The National Association for the Advancement of Colored People is dedicated to ensuring the political, educational, social, and economic equality of rights of all persons and to eliminate race-based discrimination. The NAACP was founded in 1909 by a multiracial group of people, including W.E.B. DuBois, Ida Wells-Barnett, Mary Church Terrell, Jane Addams, Mary McLeod Bethune, William Dean Howell, and Mary Ovington. The NAACP has been fighting voter suppression laws in various states and released a report called Defending Democracy: Confronting Modern Barriers to Voting Rights in America which highlights legislation designed to block access of voters of color. The NAACP website states these facts on voter suppression:
On December 5, 2011, the NAACP released a new report revealing direct connections between the trend of increasing, unprecedented African American and Latino voter turnout and an onslaught of restrictive measures across the country designed to stem electoral strength among communities of color.
The report, Defending Democracy: Confronting Modern Barriers to Voting Rights in America, details a plethora of voter suppression initiatives, most of them pushed in states with large African-American populations and where voting turnout has surged. The joint report by the NAACP and the NAACP Legal Defense Fund examines scores of legislative proposals, ballot initiatives and voting laws enacted or proposed since the 2008 election.
Copies of the report will be sent to the federal and state agencies that monitor, administer and enforce voting rights, including the US Department of Justice, the Federal Elections Commission, and the Election Assistance Commission, as well as Secretaries of State and Attorneys General in all 50 states. In addition, the report will be delivered to the appropriate committees of jurisdiction in the House and Senate, and entities within the United Nations.
"It's been more than a century since we've seen such a tidal wave of assaults on the right to vote. Historically, when voting rights are attacked, it's done to facilitate attacks on other rights. It is no mistake that the groups who are behind this are simultaneously attacking very basic women's rights, environmental protections, labor rights, and educational access for working people and minorities," said NAACP President and CEO Benjamin Todd Jealous. "Voting rights attacks are the flip side of buying a democracy. First you buy all the leaders you can, and then you suppress as many votes as possible of the people who might object."
Successful registration, education and get-out-the-vote campaigns in the last Presidential election cycle helped overturn electoral barriers and generated Black voter turnout at record high numbers across the country. Calling the response "historic in scope and intensity," the report highlights voting barriers that range from new and enhanced voter identification requirements to provisions that will curtail voter access to registration. Other proposals challenge mass registration drives, limit voting periods and tighten the ability of newly registered voters to cast ballots.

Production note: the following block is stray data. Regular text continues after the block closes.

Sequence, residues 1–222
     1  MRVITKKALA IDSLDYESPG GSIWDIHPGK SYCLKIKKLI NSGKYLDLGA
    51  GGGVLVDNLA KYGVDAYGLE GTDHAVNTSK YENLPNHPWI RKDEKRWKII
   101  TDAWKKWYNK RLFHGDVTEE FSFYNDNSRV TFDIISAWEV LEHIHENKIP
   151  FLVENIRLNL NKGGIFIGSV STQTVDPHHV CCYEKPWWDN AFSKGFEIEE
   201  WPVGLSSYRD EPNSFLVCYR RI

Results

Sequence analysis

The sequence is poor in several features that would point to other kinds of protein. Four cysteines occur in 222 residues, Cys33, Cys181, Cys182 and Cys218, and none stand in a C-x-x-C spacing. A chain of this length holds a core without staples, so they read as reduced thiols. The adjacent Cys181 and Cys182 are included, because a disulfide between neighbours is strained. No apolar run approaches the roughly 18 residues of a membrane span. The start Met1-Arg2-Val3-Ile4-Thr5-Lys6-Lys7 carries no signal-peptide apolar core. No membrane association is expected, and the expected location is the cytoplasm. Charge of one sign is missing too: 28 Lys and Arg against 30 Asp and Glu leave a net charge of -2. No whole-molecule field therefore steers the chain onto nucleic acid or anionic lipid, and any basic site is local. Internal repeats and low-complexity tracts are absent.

The report maintains that the vote-blocking measures are not only a threat to individual voters, but are also an assault on Latino and African American communities that are enjoying demographic growth and the prospects of majority voting status in many districts.
In collaboration with Brave New Foundation, the NAACP has put together a new video about the impact of the voting right attacks on communities of color
A NAACP video of the myth of voter fraud and the danger of voter suppression laws
The National Council of La Raza is the largest national Hispanic civil rights and advocacy organization in the United States and works to improve opportunities for Hispanic Americans. NCLR traces its origins to the civil rights movement of the 1960s, where a group of young Mexican Americans in Washington, DC called NOMAS (National Organization for Mexican American Services), met with the Ford Foundation to help create local grassroots groups, and for national advocacy on behalf of Mexican Americans. The NCLR has also fought voter suppression laws in various states. In a blog by Rafael Collazo in the National Council of La Raza website, Collazo writes:
The rise of voter suppression laws in the United States is a deep concern for the Latino community. We are gearing up for the 2012 election cycle, but laws such as Florida’s HB 1355 have seriously hampered voter engagement efforts. Such a law will most certainly present a challenge to NCLR as we begin our work in earnest this coming January.
Voter suppression has also grabbed the attention of some members of Congress. Today, the senior Senator from Florida, Bill Nelson (D), asked Attorney General Eric Holder to open an investigation into these new laws. In a press advisory, Nelson’s office indicated that they are asking the Justice Department to find out if the voter suppression law in Florida and the more than a dozen other states with similar laws are “the result of a coordinated effort to suppress voter turnout among millions of seniors, young people and minorities in next year’s presidential election.”
Mr. Holder’s justice department is already investigating Florida’s law in certain counties that were found to be out of compliance with the Voting Rights Act. Sen. Nelson’s request, however, would broaden the scope of that investigation to include more than a dozen other states that have implemented similar laws.